Director: Ridley Scott
Starring: Matt Damon, Jessica Chastain, Kristen Wiig, Jeff Daniels, Michael Pena, Kate Mara, Sean Bean, Sebastian Stan, Aksel Hennie, Chiwetel Ejiofor
Running time: 2h 22m
There is a fairly long standing theory that Ridley Scott only makes a great film once every decade. Varying tastes withstanding, there are many people, myself included, who would be inclined to agree. His latest efforts, Prometheus and that other film about Moses that will not be spoken of here, were visually compelling yet underwritten and lazy. It was clear that Scott didn’t have material that matched his skill behind a camera, something which has thankfully turned around for The Martian.
In fact, The Martian almost watches like a counterpoint to Prometheus, on the surface the films (mostly) both take place on a desolate, uninhabited planet – but where The Martian most notably differs, is in its celebration of scientific process and method, and an unwaverng dedication to smart people, as opposed to ‘biologists’ who poke alien snakes and can’t read maps. NASA’s strong involvement speaks volumes to this films celebration of science and exploration, space being the final and most challenging frontier.
Adapted from the novel by Andy Weir by Drew Goddard (Buffy, Daredevil, The Cabin In The Woods), The Martian is a surprisingly hopeful testament to human ingenuity in the face of extreme adversity, even on another planet. Matt Damon shines among a pretty stacked supporting cast, not just because of the compelling narrative and pretty exotic location, but because of the sheer charm he brings to the personality of astronaut/botanist Mark Watney.
The memorable characterisation of Watney is one that has been missed from recent Ridley Scott pictures, and brings to mind the character of Ripley from the Alien franchise. Smart, funny, and apparently as hard as nails – faltering once or twice when struck by disaster, but never giving in – the film expertly uses his physical isolation to bring weight to his situation, rather than simply writing the character as lonely or depressed. Like many survival films The Martian is a positive representation of the human will to live, but is unique in its surprisingly upbeat sense of humour that runs throughout the film.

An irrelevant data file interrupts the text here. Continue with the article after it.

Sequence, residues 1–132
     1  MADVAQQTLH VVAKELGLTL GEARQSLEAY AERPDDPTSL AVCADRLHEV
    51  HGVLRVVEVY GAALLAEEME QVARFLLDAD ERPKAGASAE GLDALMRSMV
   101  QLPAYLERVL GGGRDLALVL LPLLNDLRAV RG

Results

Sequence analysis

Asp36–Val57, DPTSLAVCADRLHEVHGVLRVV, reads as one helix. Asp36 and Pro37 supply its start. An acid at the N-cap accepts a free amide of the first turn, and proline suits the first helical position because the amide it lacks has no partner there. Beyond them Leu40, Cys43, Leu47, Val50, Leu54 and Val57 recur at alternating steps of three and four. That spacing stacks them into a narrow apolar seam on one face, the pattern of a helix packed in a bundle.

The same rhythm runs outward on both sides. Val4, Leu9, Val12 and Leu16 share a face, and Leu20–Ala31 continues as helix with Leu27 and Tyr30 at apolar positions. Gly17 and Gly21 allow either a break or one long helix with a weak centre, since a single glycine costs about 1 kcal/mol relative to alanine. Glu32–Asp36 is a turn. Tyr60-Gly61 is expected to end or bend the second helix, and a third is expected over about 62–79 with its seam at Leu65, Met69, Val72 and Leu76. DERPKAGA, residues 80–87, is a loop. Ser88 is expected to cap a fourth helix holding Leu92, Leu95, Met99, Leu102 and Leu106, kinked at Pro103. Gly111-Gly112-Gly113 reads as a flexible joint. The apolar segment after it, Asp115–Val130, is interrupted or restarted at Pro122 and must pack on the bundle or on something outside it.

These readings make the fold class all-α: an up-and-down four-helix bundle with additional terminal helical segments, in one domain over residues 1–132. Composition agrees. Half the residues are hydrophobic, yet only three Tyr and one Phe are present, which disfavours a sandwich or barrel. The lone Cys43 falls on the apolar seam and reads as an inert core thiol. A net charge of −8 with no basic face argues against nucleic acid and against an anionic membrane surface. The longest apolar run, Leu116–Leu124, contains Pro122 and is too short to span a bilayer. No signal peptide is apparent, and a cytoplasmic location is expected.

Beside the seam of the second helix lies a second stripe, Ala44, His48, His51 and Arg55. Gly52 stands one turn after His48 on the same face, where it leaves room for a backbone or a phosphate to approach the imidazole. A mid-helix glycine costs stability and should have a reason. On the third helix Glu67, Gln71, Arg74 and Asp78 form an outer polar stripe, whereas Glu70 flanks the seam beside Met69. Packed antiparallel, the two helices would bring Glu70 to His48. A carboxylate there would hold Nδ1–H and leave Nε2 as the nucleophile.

The Martian is a surprisingly hopeful testament to human ingenuity in the face of extreme adversity
Unsurprisingly, The Martian is also a gorgeous piece of cinema. Harry Gregson William’s score undertones Scotts’ beautiful yet desolate visuals with a sense of beauty and hope, the visuals and soundtrack work together to elevate it to something more than a survival film set in space. Scott prides himself on building sets from scratch and filming on location, enhancing the realism of the film and raising the stakes by doing so– this is a world that is dangerous, and we are often reminded that Mars isn’t really meant to accommodate life – Watney for the most part somewhat exempt from the notion that he can survive the intense spectacle that sci-fi often brings.
The Martian is potentially the most ‘feel-good’ film that Scott has ever done, but the optimism, lightness and happiness of the film doesn’t feel grating or unearned, it just makes it all the more powerful.